Released in 2003 and retired sometime following that, this figure is difficult to find.

Why is an officer holding the flag?

I pretend that he has taken it from the fallen flag-bearer and he is rallying his men.

I also portray him as watching the falling regimental flag-bearer.

I also use him in this mash-up of Conte and Britains figures with Britains cornstalks in the background and Conte fence in the foreground.  The Conte Cornfield set will be the subject of my next post.

Rally on the colors!  and...

soldier on!


Tuesday, October 17, 2023

W. Britain "Millers Cornfield" set 31152 ; a closer look

Here's another W. Britain walk-around, this time of the Cornfield set that was retired a few years ago.

This is a particularly nice set and all of the figures are characterized by the fine detail, animation, and sculpting of what I am referring to the "second generation" of Britain Civil War soldiers.

This is one of the "The Art of War" limited series based upon the art of painter Keith Rocco.  This set is number 164 of 600...I wouldn't exactly call that a "limited edition."   The brochure contains a very brief overview of the action on the morning of September 17, 1862.  

Here is a little video that I did on the subject of fighting in the cornfield:

As always, the packaging of this product is lush...which is always reflected in the price of W. Britain figures.

WBCW 301

This is one of my favorite company officer figures.  Britians switching from pewter to steel swords was a master-stroke.  The sheen of the sword is wonderful.

The pewter cornstalks are wonderfully painted and will go great with my home-made ones. (Mannie Gentile: Toy Soldiers Forever: My 54mm cornfield....with pumpkins!)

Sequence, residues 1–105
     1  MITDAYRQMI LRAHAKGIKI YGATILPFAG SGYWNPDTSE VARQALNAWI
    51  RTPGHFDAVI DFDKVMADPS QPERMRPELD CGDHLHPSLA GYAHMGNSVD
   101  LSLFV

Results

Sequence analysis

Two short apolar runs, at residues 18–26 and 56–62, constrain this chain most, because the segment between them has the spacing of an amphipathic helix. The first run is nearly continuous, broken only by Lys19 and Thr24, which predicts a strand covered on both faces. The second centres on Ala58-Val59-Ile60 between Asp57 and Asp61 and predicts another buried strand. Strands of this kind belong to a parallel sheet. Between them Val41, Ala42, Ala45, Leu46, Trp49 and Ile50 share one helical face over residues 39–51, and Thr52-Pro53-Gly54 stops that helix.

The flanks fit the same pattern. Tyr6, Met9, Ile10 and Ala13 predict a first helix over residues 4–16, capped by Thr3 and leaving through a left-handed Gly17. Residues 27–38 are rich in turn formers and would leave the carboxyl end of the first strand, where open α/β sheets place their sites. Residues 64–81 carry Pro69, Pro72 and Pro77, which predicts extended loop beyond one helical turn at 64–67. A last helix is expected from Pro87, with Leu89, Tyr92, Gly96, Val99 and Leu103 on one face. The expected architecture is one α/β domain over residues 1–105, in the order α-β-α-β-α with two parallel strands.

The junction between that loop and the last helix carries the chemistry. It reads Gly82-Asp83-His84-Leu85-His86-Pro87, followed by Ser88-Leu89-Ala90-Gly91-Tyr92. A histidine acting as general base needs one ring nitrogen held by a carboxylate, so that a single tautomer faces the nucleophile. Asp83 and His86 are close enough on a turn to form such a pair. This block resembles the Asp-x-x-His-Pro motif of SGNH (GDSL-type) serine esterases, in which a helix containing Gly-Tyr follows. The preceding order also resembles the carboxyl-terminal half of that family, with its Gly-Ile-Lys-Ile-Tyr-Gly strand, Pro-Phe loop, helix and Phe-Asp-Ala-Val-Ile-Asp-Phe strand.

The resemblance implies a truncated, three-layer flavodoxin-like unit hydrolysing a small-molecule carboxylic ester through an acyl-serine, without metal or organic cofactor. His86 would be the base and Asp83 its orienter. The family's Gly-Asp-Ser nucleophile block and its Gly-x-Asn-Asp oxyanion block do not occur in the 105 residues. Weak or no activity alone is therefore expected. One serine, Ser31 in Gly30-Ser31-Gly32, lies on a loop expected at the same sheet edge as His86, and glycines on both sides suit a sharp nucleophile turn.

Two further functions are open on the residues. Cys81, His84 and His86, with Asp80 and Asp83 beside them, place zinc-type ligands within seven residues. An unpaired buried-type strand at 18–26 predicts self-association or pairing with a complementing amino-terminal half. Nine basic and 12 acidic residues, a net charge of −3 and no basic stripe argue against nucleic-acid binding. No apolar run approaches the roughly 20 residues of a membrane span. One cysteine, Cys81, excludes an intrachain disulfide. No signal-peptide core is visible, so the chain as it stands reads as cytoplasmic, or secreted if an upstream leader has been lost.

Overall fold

WBCW 304

I would have preferred that the regimental flag bearer had been upright, but this is otherwise a beautiful sculpt.

WBCW 299

Britains makes a wide variety of standing shooters, and these second-generation figures are wonderful.

WBCW 298

As much as possible I've tried to avoid duplicate poses, and fortunately Britains has a pretty wide palette of standing shooters.

One common discrepancy that one usually finds in W. Britain Civil War soldiers is that almost invariably the standing shooters have their bayonets fixed.  This practice was avoided as it made loading both difficult and dangerous for the shooter.

WBCW 313

Although, as packaged as a Wisconsin guy, I've made him part of my 24th Michigan regiment, as they are all in the advancing position and my Wisconsin soldiers are all on the firing line.

My Iron Brigade is comprised of two 50-man regiments, one from Michigan and one from Wisconsin.  Being from Michigan, I have an upper-midwest bias, and all of my Union batteries and regiments are from Michigan or Wisconsin.

I find that none of my casualties in repose include an item number.

WBCW 305

This is a very nice flag bearer, but I needed a figure that was in line and not advancing; my solution will be in my next post.

 The years around 2012 are within the date range that I roughly refer to as "second-generation...that terminology is something that I've come up with just for my own reference.

WBCW 302

Another Badger dragooned by the Wolverines.

Altogether a very handsome set and much-needed reinforcements for the campaigning ahead.

Until next time, keep an extra forty cartridges in your pocket, and, as always...

Soldier on!